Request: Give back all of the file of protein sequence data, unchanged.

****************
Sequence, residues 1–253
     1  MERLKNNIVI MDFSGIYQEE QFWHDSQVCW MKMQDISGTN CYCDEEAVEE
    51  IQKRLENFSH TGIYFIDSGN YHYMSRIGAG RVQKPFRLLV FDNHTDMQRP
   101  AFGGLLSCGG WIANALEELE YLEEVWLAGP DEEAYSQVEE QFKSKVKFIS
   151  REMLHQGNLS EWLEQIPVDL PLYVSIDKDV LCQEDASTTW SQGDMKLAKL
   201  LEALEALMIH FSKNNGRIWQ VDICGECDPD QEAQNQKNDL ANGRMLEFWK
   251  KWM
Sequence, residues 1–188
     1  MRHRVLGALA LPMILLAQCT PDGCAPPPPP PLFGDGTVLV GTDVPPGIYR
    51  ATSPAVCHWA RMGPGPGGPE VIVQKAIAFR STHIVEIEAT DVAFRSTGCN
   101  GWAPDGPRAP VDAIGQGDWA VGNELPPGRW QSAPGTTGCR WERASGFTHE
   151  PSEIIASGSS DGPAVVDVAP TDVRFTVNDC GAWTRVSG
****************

Sequence, residues 1–253
     1  MERLKNNIVI MDFSGIYQEE QFWHDSQVCW MKMQDISGTN CYCDEEAVEE
    51  IQKRLENFSH TGIYFIDSGN YHYMSRIGAG RVQKPFRLLV FDNHTDMQRP
   101  AFGGLLSCGG WIANALEELE YLEEVWLAGP DEEAYSQVEE QFKSKVKFIS
   151  REMLHQGNLS EWLEQIPVDL PLYVSIDKDV LCQEDASTTW SQGDMKLAKL
   201  LEALEALMIH FSKNNGRIWQ VDICGECDPD QEAQNQKNDL ANGRMLEFWK
   251  KWM
Sequence, residues 1–188
     1  MRHRVLGALA LPMILLAQCT PDGCAPPPPP PLFGDGTVLV GTDVPPGIYR
    51  ATSPAVCHWA RMGPGPGGPE VIVQKAIAFR STHIVEIEAT DVAFRSTGCN
   101  GWAPDGPRAP VDAIGQGDWA VGNELPPGRW QSAPGTTGCR WERASGFTHE
   151  PSEIIASGSS DGPAVVDVAP TDVRFTVNDC GAWTRVSG